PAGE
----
It's time to cut out the rear of the tunnel to allow the use of an RTII exhaust on the 75 MX frame.  I could have used a cutting torch, but I thought it would be better in the long run to us a hole saw to remove the section of the frame.  The cutting torch always leaves a pretty ragged cut, at least the way I use a cutting torch,  and a lot of grinding and shaping.  The hole saw leaves a accurate cut that's ready to go.

After numerous engineering calculations and computer modeling I decided on a 4 1/8' hole saw.  Well actually, that was the closest size hole saw  I had access to that was around 4'.  Since there is nothing for the pilot drill to drill into to hold the alignment of the hole saw, I had to make a jig to align the hole saw pilot.  I made an inverted 'T' shaped jig out of 1' square steel tubing (left picture).  The jig picked up the two rear mounting holes for the reduction box on the frame and held the jig securely in place.  The hole saw worked pretty well, but it was slow going.  I did have a small problem due to a mismatch in the hole saw arbor and the hole saw.  It took a little rigging to get it to work, but all went well after the arbor and saw were firmly attached to each other.  The hardest part was when the hole saw had to cut through the weld between the tubing and the flat plate at the rear of the tunnel.  I had to help it along with a cut off disk on my Dremel tool, but the hole saw finally made the cut.  All that needed to be done was to file down the burs.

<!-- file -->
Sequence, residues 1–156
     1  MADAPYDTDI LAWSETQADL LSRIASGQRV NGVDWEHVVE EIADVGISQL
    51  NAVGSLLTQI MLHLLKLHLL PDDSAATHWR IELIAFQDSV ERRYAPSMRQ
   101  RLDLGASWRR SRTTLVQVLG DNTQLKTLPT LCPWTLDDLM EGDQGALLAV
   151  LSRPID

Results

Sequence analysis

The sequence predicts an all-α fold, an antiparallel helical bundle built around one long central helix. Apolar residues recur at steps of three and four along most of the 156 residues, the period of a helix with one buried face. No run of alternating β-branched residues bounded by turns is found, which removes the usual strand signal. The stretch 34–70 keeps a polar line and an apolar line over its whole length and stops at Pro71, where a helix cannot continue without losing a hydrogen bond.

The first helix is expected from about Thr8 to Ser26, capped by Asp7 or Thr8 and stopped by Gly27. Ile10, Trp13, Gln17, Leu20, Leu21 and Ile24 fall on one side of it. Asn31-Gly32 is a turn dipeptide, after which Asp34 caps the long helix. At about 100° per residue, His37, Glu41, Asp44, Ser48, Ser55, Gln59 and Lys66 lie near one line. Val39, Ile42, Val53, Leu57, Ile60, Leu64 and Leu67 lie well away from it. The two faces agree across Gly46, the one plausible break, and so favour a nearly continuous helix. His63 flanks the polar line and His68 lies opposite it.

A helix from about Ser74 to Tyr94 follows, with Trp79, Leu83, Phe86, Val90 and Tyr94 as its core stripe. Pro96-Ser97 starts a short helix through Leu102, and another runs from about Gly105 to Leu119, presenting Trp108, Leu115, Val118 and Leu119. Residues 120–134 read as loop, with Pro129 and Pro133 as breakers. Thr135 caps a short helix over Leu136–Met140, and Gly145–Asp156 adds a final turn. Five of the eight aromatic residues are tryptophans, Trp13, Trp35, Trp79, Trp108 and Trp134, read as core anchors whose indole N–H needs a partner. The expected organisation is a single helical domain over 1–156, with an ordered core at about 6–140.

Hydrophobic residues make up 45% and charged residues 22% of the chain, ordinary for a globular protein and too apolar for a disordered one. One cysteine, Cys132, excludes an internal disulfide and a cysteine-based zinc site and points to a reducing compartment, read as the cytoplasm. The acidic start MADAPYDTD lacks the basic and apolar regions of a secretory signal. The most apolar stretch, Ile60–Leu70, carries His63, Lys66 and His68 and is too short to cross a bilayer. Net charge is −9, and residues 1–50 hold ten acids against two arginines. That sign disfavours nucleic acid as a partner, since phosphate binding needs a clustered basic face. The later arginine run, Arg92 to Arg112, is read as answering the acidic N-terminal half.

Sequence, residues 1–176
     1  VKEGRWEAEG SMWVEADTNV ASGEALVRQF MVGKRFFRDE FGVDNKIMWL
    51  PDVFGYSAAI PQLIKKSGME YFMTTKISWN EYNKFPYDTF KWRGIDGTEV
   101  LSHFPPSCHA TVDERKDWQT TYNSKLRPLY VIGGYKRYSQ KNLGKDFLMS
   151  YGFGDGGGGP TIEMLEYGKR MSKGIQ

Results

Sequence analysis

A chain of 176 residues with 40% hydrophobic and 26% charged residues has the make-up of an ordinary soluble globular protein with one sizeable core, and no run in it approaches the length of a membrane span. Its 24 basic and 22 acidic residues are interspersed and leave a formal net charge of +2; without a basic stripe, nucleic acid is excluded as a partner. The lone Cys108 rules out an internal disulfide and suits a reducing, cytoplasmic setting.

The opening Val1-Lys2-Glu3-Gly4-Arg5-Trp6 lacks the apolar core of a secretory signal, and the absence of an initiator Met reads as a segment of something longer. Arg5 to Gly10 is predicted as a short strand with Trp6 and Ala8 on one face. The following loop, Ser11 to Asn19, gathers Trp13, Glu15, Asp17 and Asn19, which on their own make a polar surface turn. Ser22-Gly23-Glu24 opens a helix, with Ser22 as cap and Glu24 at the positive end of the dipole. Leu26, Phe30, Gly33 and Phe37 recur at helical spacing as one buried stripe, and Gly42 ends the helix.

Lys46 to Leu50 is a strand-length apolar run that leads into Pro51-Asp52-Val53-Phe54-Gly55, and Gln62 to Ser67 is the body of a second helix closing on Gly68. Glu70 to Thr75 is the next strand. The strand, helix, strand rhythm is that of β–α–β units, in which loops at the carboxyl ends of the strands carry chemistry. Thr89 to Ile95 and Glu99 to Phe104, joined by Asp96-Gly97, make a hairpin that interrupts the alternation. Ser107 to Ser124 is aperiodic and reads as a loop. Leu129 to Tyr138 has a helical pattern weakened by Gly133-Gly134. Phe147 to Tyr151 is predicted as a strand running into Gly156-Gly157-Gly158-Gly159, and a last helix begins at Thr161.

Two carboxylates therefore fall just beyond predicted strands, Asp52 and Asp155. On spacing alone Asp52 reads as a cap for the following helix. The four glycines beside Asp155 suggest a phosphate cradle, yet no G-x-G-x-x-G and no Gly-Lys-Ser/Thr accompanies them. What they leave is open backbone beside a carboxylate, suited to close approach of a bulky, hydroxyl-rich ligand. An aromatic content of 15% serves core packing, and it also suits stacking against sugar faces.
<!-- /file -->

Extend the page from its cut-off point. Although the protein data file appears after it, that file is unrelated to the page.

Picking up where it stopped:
I then shaped and clamped a steel strap in place. The strap reinforces the cut out portion of the frame and also covers the exposed ends of the tubing to keep the mud and water out.  A quick braze job, a little grinding on the strap to allow the exhaust to clear and the job was done.

I've been doing some fit up and measuring to see which way I want to go with the rear swing arm.  In the picture to the left you will see the rear tire to exhaust clearance of the RTII swing arm with the wheel adjusted to the full forward position.  The RTII swing arm is 2.5" longer that the RT/MX swing arms.  The RTII frame has about 1.5" to 2" taken out of the front of the frame at the steering head to compensate for this longer swing arm.   The RTII  swing arm will stretch the wheel base a little too much, making it less desireable for the RT/MX frame.  There is a one inch gap between the tire and the exhaust with the RTII swing arm, so doing a little math I will need to take 1" out of the 2.5 additional inches of the RTII swing arm by adding only 1.5 inches to the MX swing arm.  This will keep the wheel base as short as possible.